High-power lasers have many potential applications: from medical imaging to manufacturing, shooting down drones or space junk, or powering deep space probes. But current laser technologies overheat at high power.
Associate Professor Rich Mildren and his team have developed a technique to make diamond lasers that, in theory, have extraordinary power range. Five years ago, their lasers were just a few watts in power. Now they’ve reached 400 watts, close to the limit for comparable conventional lasers.
‘Buddy’ cells that trigger blood stem cells to fully-develop have been discovered by a team of Australian scientists. The finding, in zebrafish, may hold the key to creating blood on demand in the lab.
Everyday medical procedures can require litres of donated blood; and blood stem cells – which can turn into any one of the different types of blood cell – are often used in treatments for leukaemia, lymphoma, and other blood cancers.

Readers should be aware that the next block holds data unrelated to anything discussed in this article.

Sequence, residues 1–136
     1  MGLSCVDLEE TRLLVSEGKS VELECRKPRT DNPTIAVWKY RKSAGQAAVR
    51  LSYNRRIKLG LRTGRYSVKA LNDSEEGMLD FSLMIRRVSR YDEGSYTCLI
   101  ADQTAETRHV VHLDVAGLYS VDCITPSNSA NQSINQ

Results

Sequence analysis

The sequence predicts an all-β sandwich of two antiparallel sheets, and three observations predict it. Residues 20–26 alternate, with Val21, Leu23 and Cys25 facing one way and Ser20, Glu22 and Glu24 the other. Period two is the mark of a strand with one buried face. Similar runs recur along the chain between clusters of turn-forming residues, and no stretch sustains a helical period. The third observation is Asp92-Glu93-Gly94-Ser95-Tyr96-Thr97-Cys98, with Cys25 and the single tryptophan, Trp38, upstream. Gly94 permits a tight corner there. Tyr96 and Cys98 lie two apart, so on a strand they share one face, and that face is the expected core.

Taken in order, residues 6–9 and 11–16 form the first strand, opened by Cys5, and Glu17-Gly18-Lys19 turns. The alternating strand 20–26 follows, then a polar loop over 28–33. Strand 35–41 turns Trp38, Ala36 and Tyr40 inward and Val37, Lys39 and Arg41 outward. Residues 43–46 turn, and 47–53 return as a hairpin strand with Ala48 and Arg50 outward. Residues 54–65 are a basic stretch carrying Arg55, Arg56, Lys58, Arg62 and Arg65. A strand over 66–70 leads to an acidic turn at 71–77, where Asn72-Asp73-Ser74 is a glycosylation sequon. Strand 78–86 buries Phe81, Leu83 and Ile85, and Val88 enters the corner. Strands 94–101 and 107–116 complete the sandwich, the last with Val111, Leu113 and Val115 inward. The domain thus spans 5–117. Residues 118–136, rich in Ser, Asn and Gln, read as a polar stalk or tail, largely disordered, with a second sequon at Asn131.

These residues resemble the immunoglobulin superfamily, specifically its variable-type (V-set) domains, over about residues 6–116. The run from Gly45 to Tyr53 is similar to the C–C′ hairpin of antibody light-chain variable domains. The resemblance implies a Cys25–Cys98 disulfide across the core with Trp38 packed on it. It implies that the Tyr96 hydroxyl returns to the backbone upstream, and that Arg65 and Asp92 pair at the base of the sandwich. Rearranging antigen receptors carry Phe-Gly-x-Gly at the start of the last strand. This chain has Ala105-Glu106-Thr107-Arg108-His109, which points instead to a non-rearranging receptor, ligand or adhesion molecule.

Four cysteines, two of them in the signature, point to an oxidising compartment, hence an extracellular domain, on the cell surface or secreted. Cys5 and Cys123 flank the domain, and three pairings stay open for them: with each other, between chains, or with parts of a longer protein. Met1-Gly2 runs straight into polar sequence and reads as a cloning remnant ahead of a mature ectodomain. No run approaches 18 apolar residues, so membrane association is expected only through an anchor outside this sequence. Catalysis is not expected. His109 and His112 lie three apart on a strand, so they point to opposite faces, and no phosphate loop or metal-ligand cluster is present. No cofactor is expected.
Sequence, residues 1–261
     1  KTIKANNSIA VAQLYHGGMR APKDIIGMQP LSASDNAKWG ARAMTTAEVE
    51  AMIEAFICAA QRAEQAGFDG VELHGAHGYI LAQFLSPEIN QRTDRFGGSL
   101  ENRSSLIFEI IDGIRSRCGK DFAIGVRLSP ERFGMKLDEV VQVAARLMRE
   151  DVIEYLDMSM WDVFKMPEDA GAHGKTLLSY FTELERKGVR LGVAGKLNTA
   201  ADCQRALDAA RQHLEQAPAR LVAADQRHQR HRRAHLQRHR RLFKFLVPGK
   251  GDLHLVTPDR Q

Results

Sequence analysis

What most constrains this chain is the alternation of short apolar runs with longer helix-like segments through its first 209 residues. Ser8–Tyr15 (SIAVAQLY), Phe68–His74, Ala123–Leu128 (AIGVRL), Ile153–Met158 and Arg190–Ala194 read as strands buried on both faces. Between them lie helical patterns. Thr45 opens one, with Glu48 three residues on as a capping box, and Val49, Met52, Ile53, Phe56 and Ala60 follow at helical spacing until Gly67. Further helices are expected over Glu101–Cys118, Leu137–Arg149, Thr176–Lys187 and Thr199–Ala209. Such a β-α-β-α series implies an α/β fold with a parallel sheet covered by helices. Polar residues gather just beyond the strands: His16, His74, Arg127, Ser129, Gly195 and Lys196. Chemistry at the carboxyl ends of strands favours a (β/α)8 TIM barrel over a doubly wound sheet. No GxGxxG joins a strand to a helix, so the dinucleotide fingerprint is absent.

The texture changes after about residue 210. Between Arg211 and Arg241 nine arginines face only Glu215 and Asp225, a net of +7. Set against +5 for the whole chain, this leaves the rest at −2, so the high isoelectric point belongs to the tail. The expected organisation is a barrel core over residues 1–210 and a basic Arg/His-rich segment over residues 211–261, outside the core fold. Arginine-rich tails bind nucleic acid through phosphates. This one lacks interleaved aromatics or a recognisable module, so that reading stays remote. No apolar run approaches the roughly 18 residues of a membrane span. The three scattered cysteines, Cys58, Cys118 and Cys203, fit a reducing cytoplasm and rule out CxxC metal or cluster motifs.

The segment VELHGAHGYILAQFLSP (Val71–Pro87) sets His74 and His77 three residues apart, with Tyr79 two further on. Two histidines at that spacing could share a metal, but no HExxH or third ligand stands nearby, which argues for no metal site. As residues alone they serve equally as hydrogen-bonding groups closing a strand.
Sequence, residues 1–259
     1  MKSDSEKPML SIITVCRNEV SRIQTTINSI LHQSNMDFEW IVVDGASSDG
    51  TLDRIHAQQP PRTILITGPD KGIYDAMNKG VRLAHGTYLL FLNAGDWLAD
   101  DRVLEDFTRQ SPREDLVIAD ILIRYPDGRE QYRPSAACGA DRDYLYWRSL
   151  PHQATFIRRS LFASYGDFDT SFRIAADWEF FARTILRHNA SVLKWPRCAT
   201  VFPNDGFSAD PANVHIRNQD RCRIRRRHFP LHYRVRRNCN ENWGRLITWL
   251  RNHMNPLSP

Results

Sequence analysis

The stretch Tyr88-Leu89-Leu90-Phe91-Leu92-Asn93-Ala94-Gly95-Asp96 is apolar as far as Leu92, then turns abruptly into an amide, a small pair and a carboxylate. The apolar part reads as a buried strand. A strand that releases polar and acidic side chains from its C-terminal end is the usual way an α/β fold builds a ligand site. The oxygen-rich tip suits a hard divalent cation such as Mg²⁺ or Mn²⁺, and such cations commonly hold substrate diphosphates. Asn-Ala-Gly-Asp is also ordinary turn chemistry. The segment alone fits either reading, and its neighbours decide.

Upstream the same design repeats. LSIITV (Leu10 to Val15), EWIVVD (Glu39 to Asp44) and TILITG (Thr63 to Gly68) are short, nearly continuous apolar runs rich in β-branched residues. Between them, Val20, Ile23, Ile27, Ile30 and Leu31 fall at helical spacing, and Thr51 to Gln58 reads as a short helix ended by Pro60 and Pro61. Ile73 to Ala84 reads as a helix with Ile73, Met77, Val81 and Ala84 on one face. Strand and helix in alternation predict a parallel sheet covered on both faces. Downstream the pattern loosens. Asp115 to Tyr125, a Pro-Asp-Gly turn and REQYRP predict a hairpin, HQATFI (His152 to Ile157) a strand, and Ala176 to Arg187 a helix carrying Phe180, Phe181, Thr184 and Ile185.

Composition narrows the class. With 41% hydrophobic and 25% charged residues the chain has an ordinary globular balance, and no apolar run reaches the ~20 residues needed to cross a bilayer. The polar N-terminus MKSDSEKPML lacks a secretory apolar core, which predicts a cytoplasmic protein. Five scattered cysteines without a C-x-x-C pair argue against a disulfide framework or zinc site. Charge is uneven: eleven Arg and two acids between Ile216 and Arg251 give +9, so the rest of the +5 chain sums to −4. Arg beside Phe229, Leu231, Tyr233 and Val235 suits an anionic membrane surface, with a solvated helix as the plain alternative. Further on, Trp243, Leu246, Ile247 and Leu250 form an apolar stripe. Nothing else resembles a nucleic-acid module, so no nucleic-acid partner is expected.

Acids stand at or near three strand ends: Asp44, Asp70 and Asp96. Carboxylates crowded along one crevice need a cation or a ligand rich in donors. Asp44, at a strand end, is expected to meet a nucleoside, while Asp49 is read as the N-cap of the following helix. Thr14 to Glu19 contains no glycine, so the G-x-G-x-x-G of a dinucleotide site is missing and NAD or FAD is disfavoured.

An accidental discovery by Melbourne researchers has revealed the purpose of ‘mystery’ immune cells in the gut, shown how our immune system interacts with the complex bacteria ecology found there, and opened new paths for drug discovery.
Our guts, lungs and mouths are lined with mysterious immune cells that make up to 10 per cent of the T cells in our immune system. These immune cells, known as mucosal-associated invariant T cells (MAITs), detect reactive intermediates in the synthesis of vitamin B2 (riboflavin) that is made by many invasive bacteria and fungi.